(4) READING THE WATER
Reading the river is really important in nymphing. It changes with water levels and conditions and also different species tend to like different water .

GRAYLING –
Grayling do not like fast water very much they hold in walking paced water and in my experience the majority of grayling don’t like deep water, yes they sit deep in the water but I find most grayling like water no more than 4 – 5 ft deep. Whilst targeting grayling look for a nice gravel bed they love fine gravel! As I’ve mentioned grayling aren’t too keen on fast water but this does change with different some water conditions .
HIGH WATER
They drop back to the tails and push out to the banks into slack water so when fishing in high water always target these areas. (tails of pools and close to the banks in shallow water).
COLOURED WATER
If your as keen as I am I’m often fishing coloured water. The only thing you can really do in these conditions is target shallow water. Shallow water helps with the visibility of your fly, if the fish can’t see your fly it simply cannot eat it. The other thing you can so is change to brighter fly patterns and do alot more (jigging) by jigging your nymphs it really draws attention to this fish in these conditions.
LOW WATER
During the summer months the river levels drop and the temperature rises it certainly effects the feeding positions .
As the temp rises and the water levels drops it means the oxygen levels are decreased and then the fish are pushed up into the fast water simply for oxygen. Whilst fishing in low and humid conditions look for oxygenated water and also slack just off the fast water. The first thing I look for in these conditions is shade .

TROUT
Trout are slightly different to grayling their alot more robust they will hold in slightly faster water, not to say they won’t sit in the slow walking pace water either but trout aren’t to fussy on picking there feeding stations. You wil find big numbers of trout in water only a foot deep in small oxygenated water you basically got a much bigger area of field to target.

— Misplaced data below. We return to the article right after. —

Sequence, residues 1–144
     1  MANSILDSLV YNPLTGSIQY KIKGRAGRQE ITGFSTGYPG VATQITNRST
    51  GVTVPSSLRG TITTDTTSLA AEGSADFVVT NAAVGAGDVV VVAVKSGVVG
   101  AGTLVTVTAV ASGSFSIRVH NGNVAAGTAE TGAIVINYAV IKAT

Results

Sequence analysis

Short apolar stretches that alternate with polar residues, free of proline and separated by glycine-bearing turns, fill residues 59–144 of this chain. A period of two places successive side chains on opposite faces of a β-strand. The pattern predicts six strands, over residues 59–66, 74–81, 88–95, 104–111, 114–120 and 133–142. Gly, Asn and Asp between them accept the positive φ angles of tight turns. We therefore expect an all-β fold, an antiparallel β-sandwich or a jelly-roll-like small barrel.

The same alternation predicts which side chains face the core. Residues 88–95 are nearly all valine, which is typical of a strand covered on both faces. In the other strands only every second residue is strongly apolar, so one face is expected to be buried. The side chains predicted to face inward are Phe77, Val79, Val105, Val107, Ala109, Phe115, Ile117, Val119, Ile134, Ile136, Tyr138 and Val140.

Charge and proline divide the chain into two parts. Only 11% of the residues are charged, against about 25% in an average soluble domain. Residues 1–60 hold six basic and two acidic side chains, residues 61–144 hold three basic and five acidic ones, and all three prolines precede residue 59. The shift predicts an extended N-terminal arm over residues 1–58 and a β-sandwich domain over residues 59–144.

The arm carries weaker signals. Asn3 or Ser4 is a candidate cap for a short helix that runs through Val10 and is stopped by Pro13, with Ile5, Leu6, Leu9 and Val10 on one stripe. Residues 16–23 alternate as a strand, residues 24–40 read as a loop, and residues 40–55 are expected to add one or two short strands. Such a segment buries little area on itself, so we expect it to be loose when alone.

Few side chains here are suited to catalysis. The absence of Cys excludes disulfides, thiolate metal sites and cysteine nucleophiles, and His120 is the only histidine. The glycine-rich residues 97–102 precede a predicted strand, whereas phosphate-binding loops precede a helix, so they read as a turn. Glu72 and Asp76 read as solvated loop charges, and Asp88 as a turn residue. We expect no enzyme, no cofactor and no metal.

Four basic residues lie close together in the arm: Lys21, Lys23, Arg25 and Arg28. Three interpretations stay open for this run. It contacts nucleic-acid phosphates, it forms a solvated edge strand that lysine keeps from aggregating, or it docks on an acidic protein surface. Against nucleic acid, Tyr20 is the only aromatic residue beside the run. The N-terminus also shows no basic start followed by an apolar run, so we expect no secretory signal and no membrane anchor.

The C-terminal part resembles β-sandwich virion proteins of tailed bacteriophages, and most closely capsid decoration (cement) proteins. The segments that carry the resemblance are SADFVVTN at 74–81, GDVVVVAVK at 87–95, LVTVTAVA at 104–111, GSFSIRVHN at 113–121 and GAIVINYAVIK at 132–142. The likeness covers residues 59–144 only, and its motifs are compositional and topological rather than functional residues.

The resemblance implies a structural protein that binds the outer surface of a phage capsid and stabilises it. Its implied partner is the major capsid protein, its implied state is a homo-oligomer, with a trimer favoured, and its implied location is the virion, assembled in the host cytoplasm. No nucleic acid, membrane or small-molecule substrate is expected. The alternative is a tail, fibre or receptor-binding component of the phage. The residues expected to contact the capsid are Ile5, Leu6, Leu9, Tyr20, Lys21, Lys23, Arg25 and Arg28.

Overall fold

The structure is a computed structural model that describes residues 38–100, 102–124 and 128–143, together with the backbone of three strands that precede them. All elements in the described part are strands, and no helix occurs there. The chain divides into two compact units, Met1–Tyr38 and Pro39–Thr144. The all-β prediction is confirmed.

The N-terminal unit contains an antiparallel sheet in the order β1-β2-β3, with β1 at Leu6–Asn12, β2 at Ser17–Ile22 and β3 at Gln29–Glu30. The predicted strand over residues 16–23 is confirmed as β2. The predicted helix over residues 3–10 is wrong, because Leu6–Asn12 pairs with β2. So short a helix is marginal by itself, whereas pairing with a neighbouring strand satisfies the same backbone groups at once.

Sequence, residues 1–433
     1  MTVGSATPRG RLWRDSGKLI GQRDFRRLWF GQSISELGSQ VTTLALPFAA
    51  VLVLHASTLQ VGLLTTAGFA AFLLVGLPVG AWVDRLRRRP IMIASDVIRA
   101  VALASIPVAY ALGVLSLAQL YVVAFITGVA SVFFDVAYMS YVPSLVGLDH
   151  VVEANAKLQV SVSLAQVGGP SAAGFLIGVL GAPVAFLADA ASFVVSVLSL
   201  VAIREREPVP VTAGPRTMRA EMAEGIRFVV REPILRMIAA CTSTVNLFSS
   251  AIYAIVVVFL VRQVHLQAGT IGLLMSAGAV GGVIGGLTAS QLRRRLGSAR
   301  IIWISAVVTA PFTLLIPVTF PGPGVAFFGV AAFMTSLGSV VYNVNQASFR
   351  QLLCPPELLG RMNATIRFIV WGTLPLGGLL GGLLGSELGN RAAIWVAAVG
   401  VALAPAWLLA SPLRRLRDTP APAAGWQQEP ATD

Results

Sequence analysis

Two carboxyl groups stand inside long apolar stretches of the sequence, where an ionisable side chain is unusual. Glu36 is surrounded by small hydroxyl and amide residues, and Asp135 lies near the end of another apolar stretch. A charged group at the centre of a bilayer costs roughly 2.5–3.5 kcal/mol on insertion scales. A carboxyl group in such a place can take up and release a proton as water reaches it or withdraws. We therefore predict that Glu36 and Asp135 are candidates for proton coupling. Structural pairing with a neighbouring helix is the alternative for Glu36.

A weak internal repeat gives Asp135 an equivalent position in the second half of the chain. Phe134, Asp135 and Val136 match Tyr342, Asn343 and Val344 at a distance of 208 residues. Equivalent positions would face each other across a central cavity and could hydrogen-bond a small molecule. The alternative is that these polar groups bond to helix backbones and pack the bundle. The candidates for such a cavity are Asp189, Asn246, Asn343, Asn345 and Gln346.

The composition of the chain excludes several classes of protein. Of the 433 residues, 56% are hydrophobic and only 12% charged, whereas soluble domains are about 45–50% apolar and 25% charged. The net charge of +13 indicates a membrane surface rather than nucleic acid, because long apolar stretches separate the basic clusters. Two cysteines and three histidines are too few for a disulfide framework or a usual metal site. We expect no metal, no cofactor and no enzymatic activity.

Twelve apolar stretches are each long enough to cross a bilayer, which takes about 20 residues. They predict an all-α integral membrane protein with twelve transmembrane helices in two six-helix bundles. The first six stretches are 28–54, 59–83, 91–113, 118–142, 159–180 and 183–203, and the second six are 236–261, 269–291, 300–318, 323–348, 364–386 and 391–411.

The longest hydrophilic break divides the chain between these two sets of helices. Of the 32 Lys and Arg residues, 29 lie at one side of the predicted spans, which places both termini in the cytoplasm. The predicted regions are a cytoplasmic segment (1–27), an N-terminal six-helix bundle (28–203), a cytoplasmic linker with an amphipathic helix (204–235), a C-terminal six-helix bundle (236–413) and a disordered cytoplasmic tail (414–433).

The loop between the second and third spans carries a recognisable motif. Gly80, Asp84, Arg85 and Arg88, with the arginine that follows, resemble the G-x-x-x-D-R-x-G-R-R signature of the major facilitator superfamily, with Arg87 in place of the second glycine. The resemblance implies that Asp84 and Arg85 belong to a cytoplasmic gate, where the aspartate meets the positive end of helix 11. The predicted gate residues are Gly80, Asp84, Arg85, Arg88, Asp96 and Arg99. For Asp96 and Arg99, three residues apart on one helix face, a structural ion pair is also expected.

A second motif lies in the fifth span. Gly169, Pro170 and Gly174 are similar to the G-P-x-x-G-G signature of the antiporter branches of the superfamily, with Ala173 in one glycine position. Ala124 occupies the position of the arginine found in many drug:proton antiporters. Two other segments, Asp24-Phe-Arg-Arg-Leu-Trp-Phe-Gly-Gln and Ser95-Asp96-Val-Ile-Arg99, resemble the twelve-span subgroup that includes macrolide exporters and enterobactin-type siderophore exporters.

Although its a simular concept regarding condition changes they also drop back on tails and to the banks during high water and on low water you will find them at the heads of pools for the oxygen .

(5) FLY PATTERNS
When it comes to fly patterns I am a really basic type of guy, yes I do appreciate these beautiful colourful neat nymphs I think its really great but in reality are they needed? I personally don’t think so. Let’s be honest have you ever seen a pink flashy nymph in the river because I certainly haven’t. A simple pheasant tail or a hares ear will catch you just as many fish if not even more. Alot of the time when nymphing you are targeting faster water so the fish have just a split second to decide to eat or reject they sure don’t have enough time to examine how pretty your fly looks. The one thing I do suggest is tie some basic nymphs and add a orange or a bright colour around the neck of the fly this is just to be prepared to fish coloured water. Other than that a simple pheasant tail will catch you fish in any river In the world. If your starting nymphing keep it simple try not to over think the patterns, its more to do with getting a drag free drift and targeting the correct water rather than your patterns!